oRS from Kaza­khstan still the best self-steer­ing 4x4

The Witness - Wheels - - MOTORING - AL­WYN VILJOEN • al­wyn.viljoen@wit­ness.co.za

SPE­CIAL­IST trans­port pro­ducer oRS is now tak­ing or­ders for the 2015 self-steer­ing 4x4 mod­els — all of which com­ply with the most strin­gent en­vi­ron­men­tal stan­dards.

oRS proudly traces its his­tory to Kaza­khstan and makes no apolo­gies that its dated man­u­fac­tur­ing pro­cesses — like those of many for­mer USSR na­tions — use a bal­land-socket sys­tem to trans­fer power to the four in­de­pen­dently ar­tic­u­lated struts, in­stead of a more mod­ern metal clutch plate.

The ball-and-socket sys­tem does have the ad­van­tage that it al­lows an ex­pe­ri­enced con­troller to minutely vary the lo­co­mo­tive power to each strut, and it is a source of pride among such con­trollers to turn their units through 180 de­grees at full speed us­ing just the two rear struts.

For less ex­pe­ri­enced own­ers, four for­ward speeds and a re­verse gear are pre­set and au­to­mat­i­cally en­gaged with ei­ther ver­bal com­mands or phys­i­cal in­put. The lat­est oRS sys­tem can “learn” up to 12 com­mands, in­clud­ing steer­ing.

Most new own­ers, how­ever, steer with the stan­dard in­ter­ac­tive feed­back loop that can dou­ble as the ac­cel­er­a­tor in­put.

Ac­cel­er­ated to the third or fourth speed set­tings, the unique sus­pen­sion en­sures that all four struts are in the air four over 50% of the du­ra­tion of the for­ward mo­tion. This en­sures a ride that own­ers say feel ex­actly like “bursts of float­ing”, punc­tu­ated by a pleas­antly rhyth­mic per­cus­sion of the struts strik­ing the road sur­face.

In its third speed set­ting, the 2015 model can main­tain speeds be­tween 16-27 km/h even over rough ter­rain while re­main­ing ex­tremely light on fuel. The proven power plant turns most plant ma­te­ri­als into ki­netic en­ergy with urea, meth­ane and salt­peter the main byprod­ucts through three ex­haust sys­tems. The sin­glecham­ber power unit can make up to 10 kW, (about 14 horse­power) depend­ing on the fuel used, with trac­tion pro­vided by the four struts to en­sure for­ward mo­tion in up to 1 500 mm of mud or snow.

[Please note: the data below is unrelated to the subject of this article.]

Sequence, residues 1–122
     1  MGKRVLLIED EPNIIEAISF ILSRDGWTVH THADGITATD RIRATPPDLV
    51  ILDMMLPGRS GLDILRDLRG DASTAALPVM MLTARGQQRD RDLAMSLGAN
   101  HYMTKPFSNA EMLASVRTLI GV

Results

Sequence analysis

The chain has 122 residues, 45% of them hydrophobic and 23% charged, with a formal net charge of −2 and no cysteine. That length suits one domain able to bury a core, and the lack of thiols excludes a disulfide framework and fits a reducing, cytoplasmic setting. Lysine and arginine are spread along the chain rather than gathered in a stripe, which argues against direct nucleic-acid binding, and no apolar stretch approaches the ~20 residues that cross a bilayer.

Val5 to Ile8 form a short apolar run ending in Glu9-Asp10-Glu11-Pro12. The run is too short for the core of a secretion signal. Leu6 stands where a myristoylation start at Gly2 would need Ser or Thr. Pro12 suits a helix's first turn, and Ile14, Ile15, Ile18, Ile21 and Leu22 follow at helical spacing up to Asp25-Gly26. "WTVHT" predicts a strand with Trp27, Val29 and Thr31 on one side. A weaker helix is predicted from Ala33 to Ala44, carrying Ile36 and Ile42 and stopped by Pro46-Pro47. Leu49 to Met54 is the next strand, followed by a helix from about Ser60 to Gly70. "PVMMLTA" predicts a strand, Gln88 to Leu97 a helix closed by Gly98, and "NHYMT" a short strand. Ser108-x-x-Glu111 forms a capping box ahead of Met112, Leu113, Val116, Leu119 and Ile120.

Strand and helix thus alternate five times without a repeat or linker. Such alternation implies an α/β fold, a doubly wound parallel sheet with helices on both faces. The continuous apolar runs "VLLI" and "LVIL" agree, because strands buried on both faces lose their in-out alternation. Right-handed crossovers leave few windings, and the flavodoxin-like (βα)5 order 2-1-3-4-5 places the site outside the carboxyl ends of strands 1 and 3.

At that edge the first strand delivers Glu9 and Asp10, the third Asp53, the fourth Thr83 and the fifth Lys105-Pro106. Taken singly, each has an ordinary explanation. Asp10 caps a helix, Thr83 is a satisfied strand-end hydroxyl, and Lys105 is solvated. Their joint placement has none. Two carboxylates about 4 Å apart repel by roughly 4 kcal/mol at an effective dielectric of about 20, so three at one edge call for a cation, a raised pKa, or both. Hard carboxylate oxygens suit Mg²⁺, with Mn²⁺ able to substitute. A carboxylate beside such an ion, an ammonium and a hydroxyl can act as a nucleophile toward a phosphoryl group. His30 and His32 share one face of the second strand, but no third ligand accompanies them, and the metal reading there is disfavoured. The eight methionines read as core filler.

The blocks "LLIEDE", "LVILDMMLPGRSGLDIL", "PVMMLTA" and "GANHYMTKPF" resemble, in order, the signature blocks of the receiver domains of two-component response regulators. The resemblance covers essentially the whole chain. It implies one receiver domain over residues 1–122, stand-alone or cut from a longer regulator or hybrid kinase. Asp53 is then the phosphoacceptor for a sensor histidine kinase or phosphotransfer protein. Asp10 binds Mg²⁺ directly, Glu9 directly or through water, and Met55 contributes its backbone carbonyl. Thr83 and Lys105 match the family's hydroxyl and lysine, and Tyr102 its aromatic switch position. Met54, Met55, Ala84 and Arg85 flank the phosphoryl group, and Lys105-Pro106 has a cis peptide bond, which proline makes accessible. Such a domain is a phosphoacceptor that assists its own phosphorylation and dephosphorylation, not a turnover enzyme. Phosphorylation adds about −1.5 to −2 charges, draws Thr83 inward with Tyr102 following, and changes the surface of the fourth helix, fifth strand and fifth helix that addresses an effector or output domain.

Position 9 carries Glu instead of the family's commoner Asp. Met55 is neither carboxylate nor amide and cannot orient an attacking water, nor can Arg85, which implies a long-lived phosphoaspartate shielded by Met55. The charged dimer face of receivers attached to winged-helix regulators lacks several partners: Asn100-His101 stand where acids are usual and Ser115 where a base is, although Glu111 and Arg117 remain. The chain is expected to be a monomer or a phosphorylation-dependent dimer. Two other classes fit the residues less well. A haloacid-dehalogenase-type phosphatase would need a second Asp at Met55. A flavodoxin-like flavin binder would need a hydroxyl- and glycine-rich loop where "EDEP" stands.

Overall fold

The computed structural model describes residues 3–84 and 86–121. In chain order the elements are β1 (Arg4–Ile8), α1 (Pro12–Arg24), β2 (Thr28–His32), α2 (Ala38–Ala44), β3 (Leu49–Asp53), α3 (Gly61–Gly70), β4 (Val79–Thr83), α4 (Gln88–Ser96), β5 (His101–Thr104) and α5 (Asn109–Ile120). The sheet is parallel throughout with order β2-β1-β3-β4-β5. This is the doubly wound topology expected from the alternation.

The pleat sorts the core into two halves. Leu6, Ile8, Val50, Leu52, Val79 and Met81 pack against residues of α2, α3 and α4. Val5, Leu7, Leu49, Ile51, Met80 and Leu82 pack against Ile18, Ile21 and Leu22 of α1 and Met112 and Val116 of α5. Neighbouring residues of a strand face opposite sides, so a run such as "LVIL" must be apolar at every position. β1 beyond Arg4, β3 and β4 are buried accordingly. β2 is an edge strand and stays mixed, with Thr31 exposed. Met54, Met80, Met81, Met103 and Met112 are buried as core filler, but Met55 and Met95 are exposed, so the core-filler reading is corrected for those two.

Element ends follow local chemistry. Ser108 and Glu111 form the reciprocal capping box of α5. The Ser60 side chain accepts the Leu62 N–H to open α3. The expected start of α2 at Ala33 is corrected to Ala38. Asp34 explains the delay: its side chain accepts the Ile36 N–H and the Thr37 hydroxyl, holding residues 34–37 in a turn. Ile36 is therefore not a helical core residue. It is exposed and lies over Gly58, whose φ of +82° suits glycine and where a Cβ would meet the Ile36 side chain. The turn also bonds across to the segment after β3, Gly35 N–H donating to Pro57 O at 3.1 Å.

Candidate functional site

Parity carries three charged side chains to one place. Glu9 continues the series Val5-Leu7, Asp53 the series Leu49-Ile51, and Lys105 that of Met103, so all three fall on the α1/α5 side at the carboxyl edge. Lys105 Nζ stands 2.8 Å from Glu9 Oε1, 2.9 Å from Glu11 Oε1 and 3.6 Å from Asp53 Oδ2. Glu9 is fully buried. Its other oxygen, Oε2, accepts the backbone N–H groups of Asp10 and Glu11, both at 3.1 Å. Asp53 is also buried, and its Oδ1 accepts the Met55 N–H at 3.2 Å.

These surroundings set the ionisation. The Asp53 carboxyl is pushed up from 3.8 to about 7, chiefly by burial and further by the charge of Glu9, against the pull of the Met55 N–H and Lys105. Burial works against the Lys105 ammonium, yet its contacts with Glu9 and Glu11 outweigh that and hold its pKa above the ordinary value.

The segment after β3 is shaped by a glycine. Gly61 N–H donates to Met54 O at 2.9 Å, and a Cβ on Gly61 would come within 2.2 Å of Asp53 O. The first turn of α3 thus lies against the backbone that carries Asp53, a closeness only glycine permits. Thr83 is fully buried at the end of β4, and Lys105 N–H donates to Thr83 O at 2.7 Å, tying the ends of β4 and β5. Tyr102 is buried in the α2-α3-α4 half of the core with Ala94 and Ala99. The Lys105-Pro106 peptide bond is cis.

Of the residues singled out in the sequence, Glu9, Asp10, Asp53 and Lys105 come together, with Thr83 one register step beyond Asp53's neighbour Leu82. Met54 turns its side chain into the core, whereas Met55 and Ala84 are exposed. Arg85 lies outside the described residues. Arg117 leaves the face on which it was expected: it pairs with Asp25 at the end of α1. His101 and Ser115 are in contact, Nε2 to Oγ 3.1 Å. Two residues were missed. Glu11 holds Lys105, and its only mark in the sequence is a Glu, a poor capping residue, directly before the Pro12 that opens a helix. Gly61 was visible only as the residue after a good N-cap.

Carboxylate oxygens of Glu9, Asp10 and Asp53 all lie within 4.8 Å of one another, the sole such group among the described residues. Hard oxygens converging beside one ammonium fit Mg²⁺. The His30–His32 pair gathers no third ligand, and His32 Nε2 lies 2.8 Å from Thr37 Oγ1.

oRS has a proud his­tory of re­cy­cling and the units’ pel­lets of spent fuel are used around the world by mush­room grow­ers as well as a slow heat source by tra­di­tional cooks, es­pe­cially in Mon­go­lia. Ja­panese truck maker UD is cur­rently also us­ing the urea to turn toxic diesel gases into ni­tro­gen and wa­ter, while de­vel­op­ments on trap­ping the meth­ane us­ing party bal­loons is be­ing in­ves­ti­gated.

In keep­ing with the move­ment to­wards designing smaller ve­hi­cles to al­le­vi­ate traf­fic con­ges­tion, only one seat is pro­vided, but var­i­ous af­ter­mar­ket com­pa­nies make multi-seat units that hook up to the main power unit to con­vey from pupils to loads.

Real leather and in­vis­i­ble stitch­ing are stan­dard, as is a cel­lu­lar-driven re­pair process, which has been proven to be more nat­u­ral than the nano-paint tech­nolo­gies used by Nis­san and Mercedes-Benz to re­pair scratches.

For hard-core ad­ven­tur­ers keen on testing the renowned river­cross­ing abil­i­ties of the oRS units, the main at­trac­tion will, how­ever, be the Tresses™, placed at the rear and steer­ing ar­eas.

The Tresses™ are made from real horse hair and can be twined for ex­tra grip. As with all oRS prod­ucts, the unit is fully self-steer­ing and can find its way to the des­ti­na­tion set as “home” thanks to the Strat­i­fied Bi­o­log­i­cal Live En­try (STA­BLE) sys­tem.

Be­cause each unit has to be pro­grammed to its owner, oRS en­cour­ages in­di­vid­ual sales meet­ings. (The use of ap­ples in­stead of an­droid de­vices dur­ing th­ese meet­ings are en­cour­aged.)

The wait­ing list is cur­rently three years with prices on ap­pli­ca­tion at the lo­cal deal­ers.

PHOTO: WISEGEEK.ORG

This tongue-in-cheek piece serves to re­mind Wheels read­ers the hum­ble “oRS” still sets the stan­dard to which all sus­tain­able self­s­teer­ing ve­hi­cles aspire. And, yes, UD trucks re­ally has de­vel­oped a process that uses horse pee to sep­a­rate toxic diesel fumes into ni­tro­gen and wa­ter.

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